How prominent is drinking culture in modern sport?
With the development of sport science and the emphasis on recovery in the era of 'marginal gains', there has been a shift in attitude toward alcohol consumption in athletes.
On Wednesday morning's OTB AM, Kieran Donaghy added to Lee Keegan's sentiments insisting there needs to be a balanced approach when it comes to athletes and alcohol.
"I think we mentioned it on Shot Clock about three weeks ago. It is a culture thing. It is slightly changing, that 'we'll go off the drink for three months so we can win this Championship' attitude.
"I think that's kind of gone because of the amount of effort players are putting into training everyday; whether it's a gym or a field session, a recovery day when you have to stretch or foam roll or get into the pool.
"It's everyday for a GAA player. If they can't go for a meal or have a glass of wine or have their few beers after a game, I agree with Lee on all those points."
He continued: "For me when I was at the end of my career, I started enjoying the journey of my career as in, enjoying all the small things.
"I think those few pints with your team-mates after a game should be something that you enjoy and go together to - have everyone be in the same boat.
"The culture is gone, these young guys aren't like the young guys we had when we came in in 2006. I was coming in learning off Dara O'Sé and the boys. If you won a Munster final, they mightn't see you until Wednesday.
"You were just getting in and out of bars.
"Whereas now these young athletes playing GAA at the highest level - I remember looking over at some of the younger guys on the Kerry team last year. It was 2am and all these guys were sober and talking away and nice and calm.
"I was thinking, 'Jesus when we were 18 or 19, if we had a few pints we'd be on the floor at this stage.'
"We saw it so rarely that it was a case that you'd go on the beer for three days then off it for two months. It's not healthy."
The former Kerry inter-county footballer also highlighted that the GAA could learn from the practices of other sports around the world.
"The Aussie Rules guys finish a game and come into the dressing room. There's 25 boxes of pizza there and a few crates of beer as well. They sit there and relax as a team.
"They have a bit of time together to talk about what went well or what they need to improve on for the next game. But they're getting the carbs in with the food and having their few beers as well.
"Sure they're not playing again til next week. Even when we're out, we may not have been out in six weeks so now we're out and we're at the bar and just drinking.
"That's to make the most of it and that's the wrong way to look at it. It should be nice and relaxed. Go for a good few quiet pints with your team-mates. But it isn't.
"It's that attitude of 'Right it's 10pm, we're just after getting back. I'm going straight on the Jameson because I'll be drinking 'til 2am and I won't get on it if I keep buying pints.'"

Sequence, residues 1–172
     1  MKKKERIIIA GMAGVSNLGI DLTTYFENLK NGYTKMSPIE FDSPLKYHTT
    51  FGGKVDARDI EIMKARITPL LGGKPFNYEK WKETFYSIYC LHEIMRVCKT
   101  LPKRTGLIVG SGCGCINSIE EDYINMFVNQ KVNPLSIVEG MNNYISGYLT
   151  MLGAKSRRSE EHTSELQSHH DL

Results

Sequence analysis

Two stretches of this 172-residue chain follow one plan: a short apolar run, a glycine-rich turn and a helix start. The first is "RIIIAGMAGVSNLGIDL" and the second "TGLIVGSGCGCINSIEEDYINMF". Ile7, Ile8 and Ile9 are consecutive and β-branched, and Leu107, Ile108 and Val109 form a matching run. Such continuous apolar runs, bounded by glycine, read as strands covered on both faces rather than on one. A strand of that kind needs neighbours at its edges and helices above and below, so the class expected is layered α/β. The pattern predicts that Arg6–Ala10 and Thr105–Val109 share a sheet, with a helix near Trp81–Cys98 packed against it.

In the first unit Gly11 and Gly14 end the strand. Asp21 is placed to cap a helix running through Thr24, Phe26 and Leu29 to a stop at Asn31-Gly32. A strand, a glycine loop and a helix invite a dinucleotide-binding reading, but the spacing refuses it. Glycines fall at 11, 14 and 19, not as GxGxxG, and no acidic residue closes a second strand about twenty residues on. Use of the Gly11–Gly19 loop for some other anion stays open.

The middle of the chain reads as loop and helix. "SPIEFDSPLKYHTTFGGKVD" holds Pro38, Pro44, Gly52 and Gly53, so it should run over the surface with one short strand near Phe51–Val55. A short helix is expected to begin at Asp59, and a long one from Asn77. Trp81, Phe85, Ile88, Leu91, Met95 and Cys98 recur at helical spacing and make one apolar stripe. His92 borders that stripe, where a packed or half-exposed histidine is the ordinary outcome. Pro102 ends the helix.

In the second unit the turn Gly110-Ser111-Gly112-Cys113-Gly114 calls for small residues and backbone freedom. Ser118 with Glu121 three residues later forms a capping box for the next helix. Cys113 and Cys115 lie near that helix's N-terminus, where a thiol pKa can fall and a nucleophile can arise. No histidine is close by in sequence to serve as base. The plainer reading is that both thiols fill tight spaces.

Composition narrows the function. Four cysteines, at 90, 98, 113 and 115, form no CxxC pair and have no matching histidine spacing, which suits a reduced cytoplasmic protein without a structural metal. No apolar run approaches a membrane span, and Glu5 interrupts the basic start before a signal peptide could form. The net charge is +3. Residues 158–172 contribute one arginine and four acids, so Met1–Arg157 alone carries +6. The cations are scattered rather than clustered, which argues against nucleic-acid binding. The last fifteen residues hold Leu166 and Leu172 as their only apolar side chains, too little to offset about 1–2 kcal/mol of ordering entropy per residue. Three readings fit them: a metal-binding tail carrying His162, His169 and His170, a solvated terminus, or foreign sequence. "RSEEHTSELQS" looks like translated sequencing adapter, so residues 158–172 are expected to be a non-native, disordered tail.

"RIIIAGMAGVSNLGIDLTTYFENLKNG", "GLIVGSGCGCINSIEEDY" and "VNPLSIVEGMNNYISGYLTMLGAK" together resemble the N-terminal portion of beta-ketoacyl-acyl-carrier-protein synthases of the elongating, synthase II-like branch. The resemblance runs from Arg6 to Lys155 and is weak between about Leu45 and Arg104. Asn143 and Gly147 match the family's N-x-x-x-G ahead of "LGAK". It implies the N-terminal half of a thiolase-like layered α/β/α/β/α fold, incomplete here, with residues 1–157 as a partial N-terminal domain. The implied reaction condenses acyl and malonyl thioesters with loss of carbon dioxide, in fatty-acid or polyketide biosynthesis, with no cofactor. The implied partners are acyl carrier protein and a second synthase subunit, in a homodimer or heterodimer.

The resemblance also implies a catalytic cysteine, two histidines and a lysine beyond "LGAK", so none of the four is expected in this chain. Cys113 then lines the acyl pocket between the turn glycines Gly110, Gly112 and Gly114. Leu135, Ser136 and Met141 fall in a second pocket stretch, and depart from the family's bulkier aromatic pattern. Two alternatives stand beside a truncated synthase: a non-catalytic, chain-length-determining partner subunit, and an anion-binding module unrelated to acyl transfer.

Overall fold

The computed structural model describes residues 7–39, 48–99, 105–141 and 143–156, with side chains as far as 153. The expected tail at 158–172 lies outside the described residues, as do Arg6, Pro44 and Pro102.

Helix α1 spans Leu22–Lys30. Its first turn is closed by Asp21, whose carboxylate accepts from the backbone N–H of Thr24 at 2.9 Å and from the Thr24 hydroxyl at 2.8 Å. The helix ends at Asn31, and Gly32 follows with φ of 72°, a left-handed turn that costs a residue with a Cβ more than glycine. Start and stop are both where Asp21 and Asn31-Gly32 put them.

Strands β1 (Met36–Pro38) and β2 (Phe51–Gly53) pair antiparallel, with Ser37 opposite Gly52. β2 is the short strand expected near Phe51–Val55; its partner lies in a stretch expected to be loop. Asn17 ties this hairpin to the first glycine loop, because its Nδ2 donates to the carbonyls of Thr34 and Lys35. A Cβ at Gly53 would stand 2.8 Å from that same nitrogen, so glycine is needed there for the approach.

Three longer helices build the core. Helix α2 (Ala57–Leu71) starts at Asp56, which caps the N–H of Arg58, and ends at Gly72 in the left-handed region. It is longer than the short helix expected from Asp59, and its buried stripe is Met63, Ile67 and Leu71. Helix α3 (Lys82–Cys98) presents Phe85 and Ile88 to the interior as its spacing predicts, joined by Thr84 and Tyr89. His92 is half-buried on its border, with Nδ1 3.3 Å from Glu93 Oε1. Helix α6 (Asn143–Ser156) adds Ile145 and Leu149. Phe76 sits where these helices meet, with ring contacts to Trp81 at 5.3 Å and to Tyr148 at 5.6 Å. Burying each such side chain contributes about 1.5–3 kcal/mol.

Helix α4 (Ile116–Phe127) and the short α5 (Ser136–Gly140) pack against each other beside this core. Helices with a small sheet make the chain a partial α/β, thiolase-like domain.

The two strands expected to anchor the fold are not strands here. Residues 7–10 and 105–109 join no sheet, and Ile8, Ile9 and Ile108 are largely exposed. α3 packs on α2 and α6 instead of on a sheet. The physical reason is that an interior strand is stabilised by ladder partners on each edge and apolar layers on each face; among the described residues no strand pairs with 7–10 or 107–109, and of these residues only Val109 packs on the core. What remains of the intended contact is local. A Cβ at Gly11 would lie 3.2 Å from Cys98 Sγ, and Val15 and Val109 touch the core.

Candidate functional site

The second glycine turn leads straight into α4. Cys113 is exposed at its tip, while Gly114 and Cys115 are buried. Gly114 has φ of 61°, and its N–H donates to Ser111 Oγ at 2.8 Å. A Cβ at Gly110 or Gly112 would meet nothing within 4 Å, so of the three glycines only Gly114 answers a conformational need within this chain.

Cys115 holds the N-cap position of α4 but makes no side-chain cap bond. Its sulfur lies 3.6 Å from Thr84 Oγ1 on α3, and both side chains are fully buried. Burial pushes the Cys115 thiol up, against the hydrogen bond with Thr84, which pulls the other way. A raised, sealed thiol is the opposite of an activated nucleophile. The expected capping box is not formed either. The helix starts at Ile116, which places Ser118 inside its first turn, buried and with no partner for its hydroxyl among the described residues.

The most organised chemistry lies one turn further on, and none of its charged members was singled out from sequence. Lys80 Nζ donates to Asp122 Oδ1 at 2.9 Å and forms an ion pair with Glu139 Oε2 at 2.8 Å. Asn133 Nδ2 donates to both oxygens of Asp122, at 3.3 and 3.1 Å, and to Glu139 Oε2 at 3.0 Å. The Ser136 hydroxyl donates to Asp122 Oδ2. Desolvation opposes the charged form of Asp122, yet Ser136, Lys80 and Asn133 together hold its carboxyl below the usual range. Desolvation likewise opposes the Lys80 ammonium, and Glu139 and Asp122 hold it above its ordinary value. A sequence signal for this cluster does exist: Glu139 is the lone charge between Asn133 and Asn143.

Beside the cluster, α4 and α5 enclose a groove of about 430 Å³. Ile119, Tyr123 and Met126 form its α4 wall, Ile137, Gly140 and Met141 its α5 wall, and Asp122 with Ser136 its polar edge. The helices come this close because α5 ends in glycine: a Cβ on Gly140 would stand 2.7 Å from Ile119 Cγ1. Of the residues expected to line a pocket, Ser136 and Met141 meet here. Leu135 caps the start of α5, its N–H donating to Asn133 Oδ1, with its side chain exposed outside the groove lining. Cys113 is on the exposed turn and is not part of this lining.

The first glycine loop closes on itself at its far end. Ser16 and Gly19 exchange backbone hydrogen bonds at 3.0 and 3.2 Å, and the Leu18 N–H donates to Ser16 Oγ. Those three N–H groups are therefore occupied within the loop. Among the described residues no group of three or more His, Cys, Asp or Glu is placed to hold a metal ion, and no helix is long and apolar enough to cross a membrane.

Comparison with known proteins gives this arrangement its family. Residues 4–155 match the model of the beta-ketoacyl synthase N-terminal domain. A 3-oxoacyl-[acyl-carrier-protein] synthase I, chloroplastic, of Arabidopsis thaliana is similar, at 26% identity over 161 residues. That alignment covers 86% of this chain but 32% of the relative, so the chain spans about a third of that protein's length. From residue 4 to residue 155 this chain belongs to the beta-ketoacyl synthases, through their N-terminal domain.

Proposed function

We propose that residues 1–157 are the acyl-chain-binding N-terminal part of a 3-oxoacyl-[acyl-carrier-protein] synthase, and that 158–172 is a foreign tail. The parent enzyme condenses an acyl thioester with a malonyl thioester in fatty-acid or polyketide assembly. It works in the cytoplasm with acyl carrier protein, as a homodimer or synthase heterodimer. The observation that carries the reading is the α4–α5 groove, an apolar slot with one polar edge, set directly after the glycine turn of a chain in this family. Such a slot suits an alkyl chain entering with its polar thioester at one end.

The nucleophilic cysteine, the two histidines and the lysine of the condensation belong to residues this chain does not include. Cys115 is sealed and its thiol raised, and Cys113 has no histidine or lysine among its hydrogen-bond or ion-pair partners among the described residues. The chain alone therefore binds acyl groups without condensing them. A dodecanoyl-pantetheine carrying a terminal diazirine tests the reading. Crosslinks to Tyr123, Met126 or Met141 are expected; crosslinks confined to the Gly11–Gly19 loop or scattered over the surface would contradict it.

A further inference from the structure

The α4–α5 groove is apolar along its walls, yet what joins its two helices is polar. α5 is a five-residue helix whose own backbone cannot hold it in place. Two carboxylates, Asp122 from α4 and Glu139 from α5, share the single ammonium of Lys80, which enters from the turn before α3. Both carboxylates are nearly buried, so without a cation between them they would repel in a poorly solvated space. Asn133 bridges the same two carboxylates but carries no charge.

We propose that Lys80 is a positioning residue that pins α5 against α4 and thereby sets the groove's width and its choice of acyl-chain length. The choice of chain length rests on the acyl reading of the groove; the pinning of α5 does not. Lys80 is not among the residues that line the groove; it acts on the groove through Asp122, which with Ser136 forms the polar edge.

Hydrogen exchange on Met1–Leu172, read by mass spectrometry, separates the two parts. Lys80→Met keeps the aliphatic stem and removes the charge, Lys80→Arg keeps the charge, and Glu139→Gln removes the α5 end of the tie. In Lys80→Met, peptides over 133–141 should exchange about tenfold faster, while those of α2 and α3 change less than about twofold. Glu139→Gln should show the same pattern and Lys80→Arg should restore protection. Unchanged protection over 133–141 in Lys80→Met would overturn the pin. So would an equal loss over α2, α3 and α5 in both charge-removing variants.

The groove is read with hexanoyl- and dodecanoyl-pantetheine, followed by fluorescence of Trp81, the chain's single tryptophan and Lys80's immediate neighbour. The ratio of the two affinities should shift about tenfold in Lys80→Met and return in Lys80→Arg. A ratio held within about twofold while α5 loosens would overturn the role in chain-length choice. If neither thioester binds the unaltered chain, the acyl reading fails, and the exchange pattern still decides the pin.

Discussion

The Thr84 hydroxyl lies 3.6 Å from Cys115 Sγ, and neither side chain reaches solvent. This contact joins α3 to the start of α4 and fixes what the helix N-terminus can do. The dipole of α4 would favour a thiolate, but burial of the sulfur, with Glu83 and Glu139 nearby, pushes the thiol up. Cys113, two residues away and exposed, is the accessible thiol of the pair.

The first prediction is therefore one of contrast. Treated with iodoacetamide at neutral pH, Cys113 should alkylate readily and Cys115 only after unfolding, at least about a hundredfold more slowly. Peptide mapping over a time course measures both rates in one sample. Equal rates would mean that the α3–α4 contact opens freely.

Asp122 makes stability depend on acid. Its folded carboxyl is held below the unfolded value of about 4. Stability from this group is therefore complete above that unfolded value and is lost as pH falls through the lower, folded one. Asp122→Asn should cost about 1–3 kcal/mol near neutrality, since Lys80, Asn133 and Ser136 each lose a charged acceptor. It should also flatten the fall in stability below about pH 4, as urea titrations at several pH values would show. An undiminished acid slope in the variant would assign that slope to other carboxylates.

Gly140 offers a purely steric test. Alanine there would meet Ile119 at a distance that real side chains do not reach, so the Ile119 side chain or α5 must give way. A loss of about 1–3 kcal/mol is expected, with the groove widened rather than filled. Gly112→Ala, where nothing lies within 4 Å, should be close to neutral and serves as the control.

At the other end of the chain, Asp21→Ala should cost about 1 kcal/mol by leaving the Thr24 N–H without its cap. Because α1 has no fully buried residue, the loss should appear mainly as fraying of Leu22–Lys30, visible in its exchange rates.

Alcohol in the Premier League
Former Tottenham and Ireland defender Stephen Kelly also offered some insight into the drinking habits of players and teams in the last 15 years.
"When I first came into the squad at 18 or 19, there was a drinking culture there. As soon as the game was finished, me being the youngest player I was sent into the players lounge to come back onto the coach with a load of beers.
"All the senior players would be drinking - Les Ferdinand, Teddy Sherringham, Jamie Redknapp. They were down the back of the coach having a few beers on the way back to the training ground. That's the way it was.
"That's being completely changed. I was never much of a big drinker, that was just my preference. I never got into it, but the culture was there. As it's gone on, that side of the game has completely gone out of it. Only with the old school managers you'd see that happen.
"With Steve Bruce after we'd been promoted. We came into training next morning and the fitness coach came in with a lucozade box. He wheeled it in and Steve closed the changing room doors.
"He said: 'OK lads, are we ready for training?'
"He opened up the box and it was just full of beers. The same day, the Sky cameras were up at Sunderland who'd been promoted as well and they were out running on the pitch.
"Roy Keane was the manager at the time and Steve was like 'Look at these guys!'
"I always remember it being a really good time. Steve wanted us all together as a team to celebrate what our achievement was."
Drinking Culture in the GAA
Speaking to several sports outlets this week, Lee Keegan gave his take on drink culture within the GAA and the fact that some teams enforce drinking bans on their players.
"You sit in the pub even having a MiWadi and the heads are staring over at you; 'Why is he in here?'," explained the Mayo footballer.
"If you can't have a normal life like that, what's the point? I think it's just the culture within GAA.
"I always look at professional sports and particularly rugby, they have their few beers after their game and they train two days later and perform at the highest level the week after.
"That's the way the way the GAA should look at it as well."